Overall I'd say that these are minor inconveniences compared to the increased features we get for $400+ of savings per year!

10% per year of market return is, in my opinion, way too optimistic. I recommend to plan more like towards 5% to 6%. Even if I am wrong, it's still better to end up with too much money then it is to end up with too little.

As for Magicjack, I've heard several anecdotes that they do work as advertised.... However, they're just a VOIP device, but just happen to be one being marketed for non-techies. Truth is, there are a lot of VOIP options out there, both hardware and software, and marketing aside, they can be just as easy to use. In fact, I use mine for free via Skype (computer-to-computer only). The cost usually comes in when you want to reserve a land-line number and access along to your VOIP.

The main take-away message to this enty is good though. Make certain savings a habit, and it can have a profound impact later on in life, and without much pain if you're used to it.

I have my extra computers hooked up to my network and use them at content repositories and back up mechanisms right now, so leaving a computer on 24/7 doesn't bother mean and I can always SSL into it to see if I have any messages (albeit a pain in the @ss to do so) Might not be a bad idea though... thanks for the advise Jeff.

I hardly use our Vonage phone service right now anyways, I only hope I can get the wife to accept it since she is the one that uses it to call her family 22/7.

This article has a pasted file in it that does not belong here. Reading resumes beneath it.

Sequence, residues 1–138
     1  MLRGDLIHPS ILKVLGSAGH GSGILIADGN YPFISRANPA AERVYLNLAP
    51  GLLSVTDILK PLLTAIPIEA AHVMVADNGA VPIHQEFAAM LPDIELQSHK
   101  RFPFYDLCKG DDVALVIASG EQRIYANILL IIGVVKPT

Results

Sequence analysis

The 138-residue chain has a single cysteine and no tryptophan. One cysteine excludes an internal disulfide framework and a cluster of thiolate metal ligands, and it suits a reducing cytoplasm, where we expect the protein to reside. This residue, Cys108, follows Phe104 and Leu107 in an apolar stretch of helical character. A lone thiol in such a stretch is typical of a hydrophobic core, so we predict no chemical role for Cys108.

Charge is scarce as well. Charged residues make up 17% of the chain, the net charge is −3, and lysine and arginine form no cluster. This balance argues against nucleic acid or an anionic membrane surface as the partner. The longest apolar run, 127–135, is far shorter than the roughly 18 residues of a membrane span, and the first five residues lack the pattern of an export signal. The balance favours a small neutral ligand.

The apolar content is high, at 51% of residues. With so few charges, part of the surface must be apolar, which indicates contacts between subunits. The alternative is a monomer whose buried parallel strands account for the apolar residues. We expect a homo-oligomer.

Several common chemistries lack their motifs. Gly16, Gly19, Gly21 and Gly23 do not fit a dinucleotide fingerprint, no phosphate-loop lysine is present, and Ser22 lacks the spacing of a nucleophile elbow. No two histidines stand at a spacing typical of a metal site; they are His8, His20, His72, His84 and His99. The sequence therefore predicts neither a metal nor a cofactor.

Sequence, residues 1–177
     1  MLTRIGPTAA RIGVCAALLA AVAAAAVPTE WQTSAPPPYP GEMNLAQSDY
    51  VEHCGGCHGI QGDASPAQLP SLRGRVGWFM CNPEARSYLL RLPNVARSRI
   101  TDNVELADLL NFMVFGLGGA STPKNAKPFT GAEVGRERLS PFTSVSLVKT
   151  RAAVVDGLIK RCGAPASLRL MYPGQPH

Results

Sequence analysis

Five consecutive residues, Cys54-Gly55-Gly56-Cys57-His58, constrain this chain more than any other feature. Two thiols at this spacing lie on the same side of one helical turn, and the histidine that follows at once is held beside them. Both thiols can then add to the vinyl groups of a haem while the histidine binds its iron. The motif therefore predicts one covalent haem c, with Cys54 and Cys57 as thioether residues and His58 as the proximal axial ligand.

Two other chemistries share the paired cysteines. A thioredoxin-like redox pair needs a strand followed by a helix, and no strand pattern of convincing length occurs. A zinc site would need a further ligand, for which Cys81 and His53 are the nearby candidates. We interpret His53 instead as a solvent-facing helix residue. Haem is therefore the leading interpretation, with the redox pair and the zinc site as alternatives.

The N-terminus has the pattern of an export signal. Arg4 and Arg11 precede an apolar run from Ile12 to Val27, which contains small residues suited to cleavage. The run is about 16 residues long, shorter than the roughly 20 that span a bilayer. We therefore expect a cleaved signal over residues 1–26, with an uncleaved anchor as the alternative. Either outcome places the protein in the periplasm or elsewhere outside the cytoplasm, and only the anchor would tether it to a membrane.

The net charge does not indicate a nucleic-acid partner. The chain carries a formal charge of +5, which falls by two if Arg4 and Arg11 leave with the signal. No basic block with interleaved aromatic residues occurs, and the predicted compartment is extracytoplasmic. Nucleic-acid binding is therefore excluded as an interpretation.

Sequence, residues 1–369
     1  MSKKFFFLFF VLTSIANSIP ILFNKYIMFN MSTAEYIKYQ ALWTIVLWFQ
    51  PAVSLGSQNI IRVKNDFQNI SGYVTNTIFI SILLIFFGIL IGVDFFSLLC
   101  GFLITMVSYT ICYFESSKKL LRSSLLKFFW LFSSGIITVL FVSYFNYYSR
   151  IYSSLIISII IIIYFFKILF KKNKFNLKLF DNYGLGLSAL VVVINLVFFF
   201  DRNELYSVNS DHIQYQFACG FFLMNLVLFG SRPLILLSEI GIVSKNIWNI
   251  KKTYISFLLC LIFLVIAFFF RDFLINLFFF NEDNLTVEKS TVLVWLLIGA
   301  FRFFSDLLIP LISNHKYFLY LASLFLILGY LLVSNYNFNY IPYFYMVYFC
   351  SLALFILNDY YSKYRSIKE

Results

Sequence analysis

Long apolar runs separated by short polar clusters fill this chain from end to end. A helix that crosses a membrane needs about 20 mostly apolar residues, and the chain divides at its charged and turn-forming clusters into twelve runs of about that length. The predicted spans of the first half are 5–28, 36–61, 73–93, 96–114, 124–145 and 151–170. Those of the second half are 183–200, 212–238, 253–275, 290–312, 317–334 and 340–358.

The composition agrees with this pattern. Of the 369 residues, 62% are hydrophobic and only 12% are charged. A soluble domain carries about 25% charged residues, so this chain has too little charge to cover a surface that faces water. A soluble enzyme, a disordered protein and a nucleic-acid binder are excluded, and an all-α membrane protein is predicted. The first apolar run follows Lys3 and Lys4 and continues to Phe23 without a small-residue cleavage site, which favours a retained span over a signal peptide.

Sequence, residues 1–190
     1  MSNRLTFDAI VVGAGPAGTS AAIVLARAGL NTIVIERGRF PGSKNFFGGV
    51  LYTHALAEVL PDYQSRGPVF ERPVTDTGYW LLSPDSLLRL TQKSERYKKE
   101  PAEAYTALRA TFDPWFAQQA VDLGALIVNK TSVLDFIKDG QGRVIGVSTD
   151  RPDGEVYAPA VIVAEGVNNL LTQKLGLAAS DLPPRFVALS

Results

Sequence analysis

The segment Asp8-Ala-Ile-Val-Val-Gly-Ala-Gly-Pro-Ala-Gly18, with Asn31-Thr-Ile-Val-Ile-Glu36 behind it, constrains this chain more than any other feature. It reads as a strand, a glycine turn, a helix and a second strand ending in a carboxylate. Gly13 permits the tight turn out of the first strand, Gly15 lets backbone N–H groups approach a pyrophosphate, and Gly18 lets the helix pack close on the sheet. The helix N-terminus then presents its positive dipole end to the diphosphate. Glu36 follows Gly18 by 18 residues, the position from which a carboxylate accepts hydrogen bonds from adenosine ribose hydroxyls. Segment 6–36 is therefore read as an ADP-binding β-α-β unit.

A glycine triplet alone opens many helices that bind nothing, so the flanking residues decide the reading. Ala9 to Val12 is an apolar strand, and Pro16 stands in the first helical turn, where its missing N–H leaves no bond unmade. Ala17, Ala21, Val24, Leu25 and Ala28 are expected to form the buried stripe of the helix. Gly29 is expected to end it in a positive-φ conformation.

Curse my lack of proof-reading. :D I post these during spare lulls at work....

Anyways, I also wanted to add that if you are like me and don't use phone too often, you can use a combination of free VOIP and a cheap discount cellphone.

For example, I use a Tracfone right now. Even though they're considered as cheap 3rd party phones, the signal and coverage is in fact, technically better than many premium service providers.

On top of that, because I rarely use the cellphone, my total phone bill is also cheap. At roughly $0.09 per minute, it usually comes out to be about $5 a month for me (my lowest was $3, and my highest so far was $15). That and I still have a cellphone.

For longer conversations, I usually fall back to Skype. There, it helps to have friends who are also on computers.

Food for thought....

Entertainment is an important component of a happy lifestyle and provides necessary relaxation, entertainment and education.

I don't believe that live entertainment is good value for money at all, especially when you add in all of the other costs involved in a night out, such as travel, parking, food & beverages etc.